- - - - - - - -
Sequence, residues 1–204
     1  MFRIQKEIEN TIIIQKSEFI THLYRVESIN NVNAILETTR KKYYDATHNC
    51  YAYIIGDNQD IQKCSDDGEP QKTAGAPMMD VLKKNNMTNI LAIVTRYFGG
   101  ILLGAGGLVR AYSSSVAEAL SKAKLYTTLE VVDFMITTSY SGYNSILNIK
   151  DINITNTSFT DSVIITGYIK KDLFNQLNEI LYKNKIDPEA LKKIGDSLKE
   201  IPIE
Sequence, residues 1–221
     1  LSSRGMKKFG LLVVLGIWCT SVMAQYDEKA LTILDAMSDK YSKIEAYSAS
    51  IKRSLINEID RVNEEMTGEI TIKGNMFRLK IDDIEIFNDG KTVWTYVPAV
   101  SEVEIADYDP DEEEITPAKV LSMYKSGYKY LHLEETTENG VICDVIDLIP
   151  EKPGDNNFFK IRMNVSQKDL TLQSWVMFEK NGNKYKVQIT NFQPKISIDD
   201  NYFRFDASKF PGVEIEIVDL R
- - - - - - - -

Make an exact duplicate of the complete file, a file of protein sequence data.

Sequence, residues 1–204
     1  MFRIQKEIEN TIIIQKSEFI THLYRVESIN NVNAILETTR KKYYDATHNC
    51  YAYIIGDNQD IQKCSDDGEP QKTAGAPMMD VLKKNNMTNI LAIVTRYFGG
   101  ILLGAGGLVR AYSSSVAEAL SKAKLYTTLE VVDFMITTSY SGYNSILNIK
   151  DINITNTSFT DSVIITGYIK KDLFNQLNEI LYKNKIDPEA LKKIGDSLKE
   201  IPIE
Sequence, residues 1–221
     1  LSSRGMKKFG LLVVLGIWCT SVMAQYDEKA LTILDAMSDK YSKIEAYSAS
    51  IKRSLINEID RVNEEMTGEI TIKGNMFRLK IDDIEIFNDG KTVWTYVPAV
   101  SEVEIADYDP DEEEITPAKV LSMYKSGYKY LHLEETTENG VICDVIDLIP
   151  EKPGDNNFFK IRMNVSQKDL TLQSWVMFEK NGNKYKVQIT NFQPKISIDD
   201  NYFRFDASKF PGVEIEIVDL R